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Ashley Goodall worked as an executive at Deloitte and Cisco Systems. She has a new book coming out, The Problem With Change. In a recent article, she takes Silicon Valley to task, saying, “the home of so many technological and workplace innovations, is rolling out another one: the unnecessary layoff.”

Goodall continues, “After shedding over 260,000 jobs last year, the greatest carnage since the dot-com meltdown more than two decades ago, the major tech companies show little sign of letting up in 2024 despite being mostly profitable, in some cases handsomely so. In their words, the tech companies are letting people go to further the continuing process of aligning their structure to their key priorities, or ‘transformation’ or becoming ‘future ready.'”

Employee engagement, having ticked up slightly during the pandemic, is back to all-time lows. Goodall has worked with a lot of leaders and employees inside high growth businesses she says it’s because of an “unrelenting uncertainty and the upheaval that have become constant features of business life today.”

Exhausting. Soul-sucking. Just another day in the corporate blender.

These are terms employees use to describe their work lives. If we can’t all agree that this is awful for our companies and the teams we lead, then let’s at least acknowledge it’s really bad for business. How can we expect our employees to embrace excellence if they are exhausted, morally injured and stuck in a “blender” of change?

The Problem with Change

This trend of constant disruption, characterized by frequent layoffs, reorganizations, and strategic shifts, has become pervasive in corporate culture, often without yielding desired outcomes. Studies suggest that such practices rarely result in increased productivity or improved business performance. Instead, they create an atmosphere of uncertainty and instability, leading to emotional exhaustion and decreased morale among employees.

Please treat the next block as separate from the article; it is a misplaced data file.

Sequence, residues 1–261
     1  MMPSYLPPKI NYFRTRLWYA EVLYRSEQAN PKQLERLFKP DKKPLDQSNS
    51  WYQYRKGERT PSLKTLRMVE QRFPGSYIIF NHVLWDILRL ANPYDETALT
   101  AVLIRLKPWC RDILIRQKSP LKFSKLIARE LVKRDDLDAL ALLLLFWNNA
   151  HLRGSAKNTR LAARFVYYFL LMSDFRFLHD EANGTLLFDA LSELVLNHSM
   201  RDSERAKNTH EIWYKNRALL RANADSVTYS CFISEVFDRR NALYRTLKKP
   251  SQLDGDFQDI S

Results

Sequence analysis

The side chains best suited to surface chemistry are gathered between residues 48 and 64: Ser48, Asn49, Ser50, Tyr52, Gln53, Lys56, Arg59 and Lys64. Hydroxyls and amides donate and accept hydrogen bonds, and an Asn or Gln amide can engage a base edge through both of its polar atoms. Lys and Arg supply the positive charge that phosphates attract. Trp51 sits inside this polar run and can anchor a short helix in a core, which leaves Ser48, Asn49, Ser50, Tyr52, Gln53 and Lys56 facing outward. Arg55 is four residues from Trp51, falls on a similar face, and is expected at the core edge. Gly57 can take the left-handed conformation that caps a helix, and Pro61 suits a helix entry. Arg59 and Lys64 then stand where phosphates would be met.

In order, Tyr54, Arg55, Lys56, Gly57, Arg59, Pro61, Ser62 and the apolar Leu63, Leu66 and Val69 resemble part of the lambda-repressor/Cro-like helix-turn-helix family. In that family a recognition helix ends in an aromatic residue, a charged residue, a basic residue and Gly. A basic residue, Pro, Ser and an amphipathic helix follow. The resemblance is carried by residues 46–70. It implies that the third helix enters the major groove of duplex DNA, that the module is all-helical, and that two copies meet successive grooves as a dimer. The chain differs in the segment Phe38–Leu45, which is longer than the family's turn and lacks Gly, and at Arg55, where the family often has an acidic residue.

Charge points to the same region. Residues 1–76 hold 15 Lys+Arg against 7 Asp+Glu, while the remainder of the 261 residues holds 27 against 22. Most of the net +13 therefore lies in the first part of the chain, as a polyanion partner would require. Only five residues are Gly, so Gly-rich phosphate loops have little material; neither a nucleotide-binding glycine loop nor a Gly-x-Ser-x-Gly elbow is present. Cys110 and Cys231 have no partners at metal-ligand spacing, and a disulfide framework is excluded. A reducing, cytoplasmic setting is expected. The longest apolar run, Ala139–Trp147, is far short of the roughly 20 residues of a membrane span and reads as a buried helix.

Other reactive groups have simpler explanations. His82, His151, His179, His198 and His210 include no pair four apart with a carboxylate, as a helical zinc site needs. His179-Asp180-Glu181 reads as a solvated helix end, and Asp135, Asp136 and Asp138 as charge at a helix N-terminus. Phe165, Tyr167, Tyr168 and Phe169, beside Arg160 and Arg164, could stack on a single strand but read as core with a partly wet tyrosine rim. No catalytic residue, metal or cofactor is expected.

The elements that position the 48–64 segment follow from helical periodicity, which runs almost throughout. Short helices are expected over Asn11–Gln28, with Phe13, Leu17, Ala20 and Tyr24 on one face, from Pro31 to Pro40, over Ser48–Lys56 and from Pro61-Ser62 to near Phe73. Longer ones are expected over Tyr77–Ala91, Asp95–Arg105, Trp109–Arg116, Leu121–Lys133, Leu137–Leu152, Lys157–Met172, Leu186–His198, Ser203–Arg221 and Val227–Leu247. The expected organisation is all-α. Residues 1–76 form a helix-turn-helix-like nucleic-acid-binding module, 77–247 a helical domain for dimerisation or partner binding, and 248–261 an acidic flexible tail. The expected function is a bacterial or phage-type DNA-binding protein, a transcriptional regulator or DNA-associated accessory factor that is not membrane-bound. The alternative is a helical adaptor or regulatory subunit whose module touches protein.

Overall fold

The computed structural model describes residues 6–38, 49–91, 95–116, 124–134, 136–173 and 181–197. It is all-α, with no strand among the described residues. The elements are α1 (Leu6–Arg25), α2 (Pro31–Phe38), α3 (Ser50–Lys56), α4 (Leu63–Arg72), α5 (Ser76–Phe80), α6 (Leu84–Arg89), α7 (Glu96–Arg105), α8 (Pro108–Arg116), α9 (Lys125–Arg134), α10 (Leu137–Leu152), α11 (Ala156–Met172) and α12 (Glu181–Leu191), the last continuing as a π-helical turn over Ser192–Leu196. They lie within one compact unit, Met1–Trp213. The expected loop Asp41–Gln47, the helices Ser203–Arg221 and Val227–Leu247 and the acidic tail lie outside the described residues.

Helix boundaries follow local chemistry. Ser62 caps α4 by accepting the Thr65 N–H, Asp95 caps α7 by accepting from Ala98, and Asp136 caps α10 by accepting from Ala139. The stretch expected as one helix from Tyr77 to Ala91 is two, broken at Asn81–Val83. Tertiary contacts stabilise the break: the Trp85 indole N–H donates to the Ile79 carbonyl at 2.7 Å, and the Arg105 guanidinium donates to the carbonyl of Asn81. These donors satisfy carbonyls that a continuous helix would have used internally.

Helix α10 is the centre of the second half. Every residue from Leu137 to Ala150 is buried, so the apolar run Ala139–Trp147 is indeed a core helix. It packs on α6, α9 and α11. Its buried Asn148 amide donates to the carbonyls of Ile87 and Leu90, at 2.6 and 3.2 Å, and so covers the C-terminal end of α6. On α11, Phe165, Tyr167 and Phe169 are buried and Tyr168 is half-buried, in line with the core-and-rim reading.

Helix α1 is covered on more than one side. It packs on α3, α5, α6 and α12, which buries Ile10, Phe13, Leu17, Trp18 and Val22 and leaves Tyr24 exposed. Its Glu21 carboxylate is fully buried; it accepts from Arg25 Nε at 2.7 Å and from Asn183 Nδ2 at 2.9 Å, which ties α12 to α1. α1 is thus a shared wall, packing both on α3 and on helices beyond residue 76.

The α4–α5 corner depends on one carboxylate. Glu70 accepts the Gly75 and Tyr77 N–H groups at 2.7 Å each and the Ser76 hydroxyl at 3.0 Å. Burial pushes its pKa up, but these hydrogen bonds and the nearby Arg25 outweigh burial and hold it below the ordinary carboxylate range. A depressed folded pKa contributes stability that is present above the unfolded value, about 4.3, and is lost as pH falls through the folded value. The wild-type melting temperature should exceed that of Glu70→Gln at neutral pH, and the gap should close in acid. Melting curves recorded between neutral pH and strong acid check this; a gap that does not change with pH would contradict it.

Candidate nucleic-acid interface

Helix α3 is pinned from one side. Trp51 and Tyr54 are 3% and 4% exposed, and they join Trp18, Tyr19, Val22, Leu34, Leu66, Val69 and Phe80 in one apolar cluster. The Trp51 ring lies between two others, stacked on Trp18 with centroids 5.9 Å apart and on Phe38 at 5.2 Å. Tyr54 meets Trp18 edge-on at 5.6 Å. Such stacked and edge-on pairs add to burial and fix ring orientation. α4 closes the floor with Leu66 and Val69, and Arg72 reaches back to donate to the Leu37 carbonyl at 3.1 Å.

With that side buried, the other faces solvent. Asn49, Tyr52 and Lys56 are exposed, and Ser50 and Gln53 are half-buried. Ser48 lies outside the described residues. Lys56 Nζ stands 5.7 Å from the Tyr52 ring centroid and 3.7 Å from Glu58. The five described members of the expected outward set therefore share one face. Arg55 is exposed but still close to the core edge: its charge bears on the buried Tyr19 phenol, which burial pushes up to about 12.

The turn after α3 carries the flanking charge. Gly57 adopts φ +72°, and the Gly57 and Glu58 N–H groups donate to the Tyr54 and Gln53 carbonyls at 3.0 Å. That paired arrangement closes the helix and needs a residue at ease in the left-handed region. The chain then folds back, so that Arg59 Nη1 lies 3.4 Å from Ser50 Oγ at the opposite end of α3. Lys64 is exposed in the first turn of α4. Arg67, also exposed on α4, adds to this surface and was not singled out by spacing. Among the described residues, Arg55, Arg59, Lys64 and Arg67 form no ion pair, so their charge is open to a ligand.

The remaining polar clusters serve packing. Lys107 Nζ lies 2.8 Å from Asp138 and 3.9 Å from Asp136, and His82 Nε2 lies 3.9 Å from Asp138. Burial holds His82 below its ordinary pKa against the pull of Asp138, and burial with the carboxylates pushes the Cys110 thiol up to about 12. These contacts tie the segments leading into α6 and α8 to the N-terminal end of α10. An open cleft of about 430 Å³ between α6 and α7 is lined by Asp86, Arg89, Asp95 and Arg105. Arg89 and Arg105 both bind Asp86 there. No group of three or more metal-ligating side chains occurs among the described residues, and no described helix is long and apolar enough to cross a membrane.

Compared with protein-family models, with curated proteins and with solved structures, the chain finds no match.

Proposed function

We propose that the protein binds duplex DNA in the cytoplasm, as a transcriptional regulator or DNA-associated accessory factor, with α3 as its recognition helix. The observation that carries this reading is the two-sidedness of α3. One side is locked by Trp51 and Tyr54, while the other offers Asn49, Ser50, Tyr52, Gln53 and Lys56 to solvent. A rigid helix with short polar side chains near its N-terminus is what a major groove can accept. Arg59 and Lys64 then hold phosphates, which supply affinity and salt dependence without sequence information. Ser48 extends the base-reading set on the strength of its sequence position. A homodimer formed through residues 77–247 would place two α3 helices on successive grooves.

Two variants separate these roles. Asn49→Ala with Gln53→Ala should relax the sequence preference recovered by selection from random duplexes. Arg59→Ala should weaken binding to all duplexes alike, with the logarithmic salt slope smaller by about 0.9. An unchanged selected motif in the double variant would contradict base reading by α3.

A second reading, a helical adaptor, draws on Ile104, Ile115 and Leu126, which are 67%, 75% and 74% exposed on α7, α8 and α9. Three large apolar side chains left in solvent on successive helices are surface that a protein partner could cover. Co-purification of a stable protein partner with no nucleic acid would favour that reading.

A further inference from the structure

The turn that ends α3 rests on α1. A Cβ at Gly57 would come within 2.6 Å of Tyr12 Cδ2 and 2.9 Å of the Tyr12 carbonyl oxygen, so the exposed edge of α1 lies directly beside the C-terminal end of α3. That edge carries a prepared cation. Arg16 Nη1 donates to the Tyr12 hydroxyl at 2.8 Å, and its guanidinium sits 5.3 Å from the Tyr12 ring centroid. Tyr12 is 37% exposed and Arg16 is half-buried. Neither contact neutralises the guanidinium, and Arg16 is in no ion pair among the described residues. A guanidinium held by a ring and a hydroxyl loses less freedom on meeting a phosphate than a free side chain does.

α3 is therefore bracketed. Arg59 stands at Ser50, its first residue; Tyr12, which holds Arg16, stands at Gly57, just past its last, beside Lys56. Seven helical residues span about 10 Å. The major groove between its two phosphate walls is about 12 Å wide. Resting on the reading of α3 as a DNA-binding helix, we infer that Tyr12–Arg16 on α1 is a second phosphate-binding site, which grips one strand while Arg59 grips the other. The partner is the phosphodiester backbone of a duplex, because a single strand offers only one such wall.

Steven Maier and Martin Seligman conducted some well-known experiments in the 1960s and discovered that “when we sense we are not in control of a situation we give up trying to make things better — this is ‘learned helplessness’ setting in.”

If we want our teams to achieve peak performance, employees must not only have control over their performance, but they also need to understand why it matters, how their contributions tie into the mission and vision, where they belong in the organization, and most importantly for things to make sense. All of this gets turned upside down by disruption.

Goodall cautions, “were more leaders to be guided by the science of change, or by the stories that people on the front lines share, they would quickly discover that it is stability that is the foundation of improvement.”

Putting the Lessons into Practice

Orthodontists can draw parallels about the importance of stability in our field. Instability comes in more forms than unnecessary layoffs, generic CEO statements, and “the exaggerated cheer-speak with which most change initiatives are communicated.” Think it through. Make a list of all the ways your business operations create unnecessary instability:

  • In your orthodontic treatment plans, could another orthodontist pick up right where you left off?
  • Do your treatment notes detail exactly what should be done next, which teeth you’re monitoring, and when treatment should be finished? Or do you sit down at the chair and re-diagnose each case at each appointment, like some of my traditional faculty used to teach?
  • What about new patient presentations? Do you really need an hour to show a patient their crowded and misaligned teeth?
  • Do you understand the more time you give a project or appointment to expand, the more likely it expands to fill that time?
  • What if your treatment coordinators were given the freedom of a predictable system? How might this improve outcomes, reduce treatment times, increase patient satisfaction and referrals, etc.?

Bottom Line: If you want to embody the principle that “stability is the foundation of improvement,” you must prioritize long-term results over short-term gains. Implement treatment protocols that prioritize efficiency, ensuring patient compliance, and providing adequate post-treatment care to maintain results.

By fostering stability throughout the planning and treatment process, you can enhance patient satisfaction and achieve lasting improvements in overall oral health and practice growth.

Always seek to understand how a new initiative will honor relationships inside your organization and project stability, allowing each of you to point your efforts in a useful direction for all stakeholders.

This is no small task, which is why most companies get it wrong – and why this presents a huge opportunity for you to get it right.

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